8. Andy says

    I’m very interested in finding ways to relieve freeway congestion. Might freeway BRTs with service to key employment areas – such as Cool Springs, downtown and metro center work? Would major employers consider providing last mile service to get people to their offices? I love rail (ride the Star often) but BRT seems like the only quick solution to our overloaded freeways.

  9. John says

    I like the idea of hybrid “trolley style” buses to be used in the downtown area. They are smaller than lightly filled full sized buses, fit in tighter spaces and have a certain character that would fit in nicely in downtown, plus they cost less to buy, and electric overhead cables or rails are not needed. Routes can be changed easily when needed. I’ve seen some really nice looking “trolleys”, similar to the “trolley” that’s in use in Franklin, TN. They must look like a “trolley car” not ugly yellow little buses like we see now.

  10. says

    More public transit is needed in the areas of Fairview, Lyles, Centerville, etc. This could be implemented through an extension of the existing West End Bellevue service along Highway 100, in much the same manner as the recent implementation of service to Dickson.

    Also, a re-examination and re-evaluation of the former West End Belle Meade route, I feel, would be worthwhile, as it would provide greater access to such facilities as the newly-expanded Warner Parks and Cheekwood and the Highlands of Belle Meade district.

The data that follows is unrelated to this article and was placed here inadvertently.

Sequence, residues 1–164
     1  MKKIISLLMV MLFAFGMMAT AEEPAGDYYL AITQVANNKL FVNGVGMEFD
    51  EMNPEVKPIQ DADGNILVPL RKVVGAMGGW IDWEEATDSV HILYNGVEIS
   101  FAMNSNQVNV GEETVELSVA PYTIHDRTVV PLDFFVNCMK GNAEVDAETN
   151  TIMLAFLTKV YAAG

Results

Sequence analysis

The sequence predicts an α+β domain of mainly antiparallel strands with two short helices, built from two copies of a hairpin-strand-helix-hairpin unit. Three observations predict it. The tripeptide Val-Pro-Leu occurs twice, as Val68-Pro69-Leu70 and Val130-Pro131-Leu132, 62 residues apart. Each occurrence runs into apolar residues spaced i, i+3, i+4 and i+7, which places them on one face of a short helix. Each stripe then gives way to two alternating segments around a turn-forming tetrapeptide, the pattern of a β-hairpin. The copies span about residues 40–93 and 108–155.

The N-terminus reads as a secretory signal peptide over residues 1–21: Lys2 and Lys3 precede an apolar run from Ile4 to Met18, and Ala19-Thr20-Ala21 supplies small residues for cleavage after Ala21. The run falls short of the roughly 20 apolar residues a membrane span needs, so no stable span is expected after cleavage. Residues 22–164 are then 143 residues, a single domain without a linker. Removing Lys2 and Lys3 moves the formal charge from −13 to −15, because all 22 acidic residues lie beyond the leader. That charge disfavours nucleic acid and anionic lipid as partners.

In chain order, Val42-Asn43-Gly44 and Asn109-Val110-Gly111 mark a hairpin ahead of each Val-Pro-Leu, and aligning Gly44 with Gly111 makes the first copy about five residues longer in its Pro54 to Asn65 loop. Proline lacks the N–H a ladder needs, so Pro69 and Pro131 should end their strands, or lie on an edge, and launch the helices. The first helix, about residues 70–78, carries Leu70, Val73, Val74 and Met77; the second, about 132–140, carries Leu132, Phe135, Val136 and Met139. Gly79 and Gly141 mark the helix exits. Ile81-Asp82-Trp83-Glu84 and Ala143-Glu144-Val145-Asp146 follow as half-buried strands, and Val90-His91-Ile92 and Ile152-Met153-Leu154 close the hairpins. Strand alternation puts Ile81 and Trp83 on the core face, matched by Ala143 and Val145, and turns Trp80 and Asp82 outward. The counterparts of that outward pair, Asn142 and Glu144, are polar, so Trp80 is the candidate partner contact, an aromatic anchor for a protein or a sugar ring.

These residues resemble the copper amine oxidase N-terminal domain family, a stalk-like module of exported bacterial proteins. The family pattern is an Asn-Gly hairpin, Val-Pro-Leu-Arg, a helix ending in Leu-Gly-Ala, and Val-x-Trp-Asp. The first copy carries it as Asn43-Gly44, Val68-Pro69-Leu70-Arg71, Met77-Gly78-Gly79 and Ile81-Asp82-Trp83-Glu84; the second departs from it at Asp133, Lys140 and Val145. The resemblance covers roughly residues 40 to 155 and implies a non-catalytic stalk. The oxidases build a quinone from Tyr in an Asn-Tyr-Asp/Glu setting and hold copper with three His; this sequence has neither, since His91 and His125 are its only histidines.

There was also one minor flaw in the text regarding access to fare and schedule information. In one paragraph, the text stated that older riders would be comfortable finding information on a website, when in fact the context of that same paragraph made it clear that many older riders WOULD NOT be comfortable finding information on a website, but would prefer telephone and printed information!

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  11. Frederick Smith says

    You also need to build a downtown circulator that’s serious an that works. Pooling the Green buses with other routs during certain hours of the day, for the sake of better utilization of equipment, is a bad logistic, because it casts a perception of confusion that the service is not dedicated.

    More serious than “stray” green buses throughout the city, MTA should strongly consider (without jumping to conclusion of not being viable) a network of overhead-electric trolley-coach buses to replace the diesel-hybrids, and instead of opting for “autonomous” electric buses (on-board stored power), as used in Chattanooga. The primary reason is that, in an a central business district with high levels of activity throughout most of the day, trolley buses provide that sense of permanence, that main element of induced perception of a defined and bounded infrastructure. In the case of trolley-buses, that infrastructure is in the form overhead suspended electric cabling, including all switchwork needed for route branches.

    With the many and constantly changing detours in downtown, and within its peripheral areas, the trolley-bus as a short-route circulator eliminates the need for the critical laying of rails, special trackwork, and the associated handling of utilities below the street (such as for electrical grounding). The cabling also can be easily installed and temporarily abandoned to accommodate the ongoing and evolving detours afflicting the area. There does exist a sufficient amount of land available (including the downtown and east-bank areas) to support building a small maintenance facility within proximity of the circulator service district.